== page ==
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Is urinalysis cost-efficient or timely?

In the clinical laboratory world, urinalysis is big business. But according to Dr. Andrew Lorincz, professor emeritus with the Department of Pediatrics at the University of Alabama in Birmingham, the traditional procedure is not necessarily cost-efficient or timely for the symptomatic patient.

Every year more than 300 million routine urinalyses are performed in the US alone. The cost to the patient usually starts at $25 to $35 but might increase an additional $100 to $300 by the time a culture and sensitivity are run.

Urinalyses are often shipped cross country to a clinical or reference laboratory. As a result, less than 70% of samples that show significant bacterial count are reported in 2 to 3 days or less, which is not ideal for the affected patient.

Lorincz and his associates are investigating a procedure to solve these problems. Using a technique known as supravital microscopic fluorescence technique (SMFT), they can screen a sample onsite in less than 5 minutes to determine whether a culture is needed. They can also determine whether the causative organism is a cocci, rod, spirochete, Mycoplasma, or even Legionella--though not the specific microorganism species.

In comparison to standard urine cultures, an abstract in the Annals of Clinical and Laboratory Sciences (May 1995) found that SMFT detected 92% of the samples with significant bacteriuria. Another preliminary study of 218 samples, published in 1999 in the July/ September issue of the Annals of Clinical and Laboratory Science, compared the SMFT method with traditional laboratory urinalysis and bacterial culture. SMFT had a positive test predictive value of 73%, a sensitivity of 83%, a predictive negative test value of 93%, and a specificity of 92%. A third, larger study of SMFT has been currently submitted to a peer-reviewed publication.

SMFT uses a small aliquot of uncentrifuged urine and an equivalent amount of fluorochrome solution (acridine orange in a sterile phosphate buffer solution) on a slide. Sealing the edges of the coverslip with paraffin and using the epi-fluorescence microscope at 40X or 100X objective, each cell and microorganism "lights up the night," remarked Lorincz. Comparing the technique to standard light microscopy, Lorincz states, "It's like looking at the moon at night compared to looking at it in daylight" (see Figure 1). By using a halogen source instead of a traditional mercury lamp, Lorincz holds the cost of the microscope he uses to less than $7,500.

Although Lorincz is quick to agree that more research is needed to establish the usefulness of SMFT for screening urinary tract infections, he points out such testing is expensive. And, he remarks "there aren't a lot of people who are interested in laboratory methodology procedures other than the people who run reference labs." In an effort to further SMFT technology, he published the formula for the buffered fluorochrome. Furthermore, Lorincz assured MLO that if anyone wants it for experimental purposes, he is willing to share it. He would love to see SMFT used routinely in place of urinalysis "to provide better and quicker service. In addition, it would be safer for patients because unnecessary medication would not be prescribed."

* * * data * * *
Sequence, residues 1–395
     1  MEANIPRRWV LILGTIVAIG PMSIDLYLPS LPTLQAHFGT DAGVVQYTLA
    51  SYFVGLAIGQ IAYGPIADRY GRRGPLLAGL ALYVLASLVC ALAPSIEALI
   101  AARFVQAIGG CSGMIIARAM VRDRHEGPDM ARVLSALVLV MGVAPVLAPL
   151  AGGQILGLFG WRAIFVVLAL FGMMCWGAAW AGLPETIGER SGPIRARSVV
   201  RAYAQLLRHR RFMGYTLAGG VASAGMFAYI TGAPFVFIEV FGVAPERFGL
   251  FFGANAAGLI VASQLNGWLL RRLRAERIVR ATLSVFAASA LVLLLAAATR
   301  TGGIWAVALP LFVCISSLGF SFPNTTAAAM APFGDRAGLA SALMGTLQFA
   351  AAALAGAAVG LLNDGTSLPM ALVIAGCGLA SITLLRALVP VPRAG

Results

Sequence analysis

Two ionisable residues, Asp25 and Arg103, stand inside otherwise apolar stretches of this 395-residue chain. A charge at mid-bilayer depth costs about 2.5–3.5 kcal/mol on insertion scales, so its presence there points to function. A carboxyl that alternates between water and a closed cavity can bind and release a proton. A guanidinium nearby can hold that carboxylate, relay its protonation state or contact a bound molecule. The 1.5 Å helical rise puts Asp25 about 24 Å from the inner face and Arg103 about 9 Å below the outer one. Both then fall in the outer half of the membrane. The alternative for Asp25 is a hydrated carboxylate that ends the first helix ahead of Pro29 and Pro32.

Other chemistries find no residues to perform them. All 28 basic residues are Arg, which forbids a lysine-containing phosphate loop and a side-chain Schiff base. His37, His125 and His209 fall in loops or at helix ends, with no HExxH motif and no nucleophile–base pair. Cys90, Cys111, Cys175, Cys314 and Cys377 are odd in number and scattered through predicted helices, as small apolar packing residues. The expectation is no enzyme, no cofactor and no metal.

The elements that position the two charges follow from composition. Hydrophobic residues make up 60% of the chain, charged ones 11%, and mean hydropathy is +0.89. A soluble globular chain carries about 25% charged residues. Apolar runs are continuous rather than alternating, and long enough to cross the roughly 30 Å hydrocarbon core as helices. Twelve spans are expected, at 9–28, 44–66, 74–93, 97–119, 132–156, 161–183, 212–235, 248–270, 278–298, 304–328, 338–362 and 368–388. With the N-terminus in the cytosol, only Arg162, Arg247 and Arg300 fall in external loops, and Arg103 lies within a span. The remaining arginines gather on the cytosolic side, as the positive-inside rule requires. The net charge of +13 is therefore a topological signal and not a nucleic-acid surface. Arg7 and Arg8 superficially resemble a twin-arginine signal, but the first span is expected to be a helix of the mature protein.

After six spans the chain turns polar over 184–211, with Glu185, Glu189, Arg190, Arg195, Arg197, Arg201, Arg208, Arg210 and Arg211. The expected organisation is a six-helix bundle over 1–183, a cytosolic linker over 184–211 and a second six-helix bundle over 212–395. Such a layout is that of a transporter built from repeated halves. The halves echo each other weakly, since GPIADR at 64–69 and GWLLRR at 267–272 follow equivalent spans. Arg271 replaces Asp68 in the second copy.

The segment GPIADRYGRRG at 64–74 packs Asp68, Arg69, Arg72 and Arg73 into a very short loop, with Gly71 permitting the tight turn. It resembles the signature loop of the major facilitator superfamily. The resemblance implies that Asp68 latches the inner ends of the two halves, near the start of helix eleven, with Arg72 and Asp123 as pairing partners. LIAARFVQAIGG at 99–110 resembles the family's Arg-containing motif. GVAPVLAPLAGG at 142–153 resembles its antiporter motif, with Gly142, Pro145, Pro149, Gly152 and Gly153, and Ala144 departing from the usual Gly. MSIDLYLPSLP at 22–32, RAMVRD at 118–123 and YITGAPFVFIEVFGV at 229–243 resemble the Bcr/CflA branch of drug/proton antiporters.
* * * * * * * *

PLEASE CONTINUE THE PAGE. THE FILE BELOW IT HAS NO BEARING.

SMFT is one of several techniques attempting to improve on the "gold standard" for diagnosing a urinary tract infection--the traditional Gram stain followed by a bacterial culture. Although many laboratories now routinely use either dipstick testing to determine the presence of white blood cells in the urine or leukocyte esterase and nitrite as a presumptive indicator of a microbiological infection, this is not considered to be as reliable.

But, John Koepke, MD, professor emeritus at Duke University Medical Center in Durham, NC, notes, "People are latching onto the idea that the dipstick tested negative, and so we're not going to do the urine culture."

Whether a dipstick test alone is accurate enough in screening for bacteriuria is moot. One study by Semeniuk and Church published in the September 1999 issue of Journal of Clinical Microbiology found the dipstick test inadequate in 18.9% of the urine samples of 479 women. These samples were deemed negative based on the leukocyte esterase test and/or nitrite test, but a culture revealed significant bacteriuria.

Conversely, Waisman and associates found dipstick tests to be comparatively useful. In a small study published in 1999 in Pediatrics, they found the dipstick test had a sensitivity of 97.1% compared with urinalysis at 88.6% and the catalase test (Uriscreen) at 100%. The dipstick had a negative predictive value of 98.6% compared with urinalysis at 95% and the catalase test at 100%. The specificity of the dipstick was 82.5% versus 88.4% for urinalysis and 56.4% for the catalase test.

Lorincz estimates the cost savings of using SMFT at billions of dollars--money that would otherwise be spent on unneeded culture and sensitivity testing and unneeded antibiotics. Furthermore, "The SMFT is not all that complicated," says Lorincz. "Technically, not only can you do it in the doctor's office," the technique is so simple "you can teach an eighth grader how to do it."
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Author:Hitchens, Kathy
Publication:Medical Laboratory Observer
Article Type:Brief Article
Geographic Code:1USA
Date:Nov 1, 2000
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